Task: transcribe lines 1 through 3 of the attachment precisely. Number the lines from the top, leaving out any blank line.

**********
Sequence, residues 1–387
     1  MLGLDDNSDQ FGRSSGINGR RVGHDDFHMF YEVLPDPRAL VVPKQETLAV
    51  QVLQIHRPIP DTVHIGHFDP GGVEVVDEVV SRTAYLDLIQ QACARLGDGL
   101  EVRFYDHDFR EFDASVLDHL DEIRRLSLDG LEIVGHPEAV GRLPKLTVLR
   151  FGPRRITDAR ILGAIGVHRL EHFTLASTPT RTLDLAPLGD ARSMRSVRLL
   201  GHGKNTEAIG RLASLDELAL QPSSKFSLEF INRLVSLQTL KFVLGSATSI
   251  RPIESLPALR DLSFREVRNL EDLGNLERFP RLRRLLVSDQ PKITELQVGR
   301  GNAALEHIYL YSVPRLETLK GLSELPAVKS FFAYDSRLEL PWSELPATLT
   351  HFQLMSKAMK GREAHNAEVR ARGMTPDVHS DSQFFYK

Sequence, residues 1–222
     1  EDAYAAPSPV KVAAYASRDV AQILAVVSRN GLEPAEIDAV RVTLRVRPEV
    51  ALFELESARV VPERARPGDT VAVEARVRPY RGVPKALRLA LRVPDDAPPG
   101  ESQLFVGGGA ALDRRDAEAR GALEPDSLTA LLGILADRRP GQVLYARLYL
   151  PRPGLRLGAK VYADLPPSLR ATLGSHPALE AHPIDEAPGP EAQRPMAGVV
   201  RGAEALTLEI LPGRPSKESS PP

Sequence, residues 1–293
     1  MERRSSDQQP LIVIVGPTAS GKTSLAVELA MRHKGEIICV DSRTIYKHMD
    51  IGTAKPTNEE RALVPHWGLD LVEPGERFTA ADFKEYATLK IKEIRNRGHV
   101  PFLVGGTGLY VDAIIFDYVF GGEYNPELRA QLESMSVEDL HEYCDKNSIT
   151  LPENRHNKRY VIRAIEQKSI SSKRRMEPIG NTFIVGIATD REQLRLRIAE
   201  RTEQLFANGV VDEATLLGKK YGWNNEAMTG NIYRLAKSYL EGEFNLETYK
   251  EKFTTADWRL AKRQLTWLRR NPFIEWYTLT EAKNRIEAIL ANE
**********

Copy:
Sequence, residues 1–387
     1  MLGLDDNSDQ FGRSSGINGR RVGHDDFHMF YEVLPDPRAL VVPKQETLAV
    51  QVLQIHRPIP DTVHIGHFDP GGVEVVDEVV SRTAYLDLIQ QACARLGDGL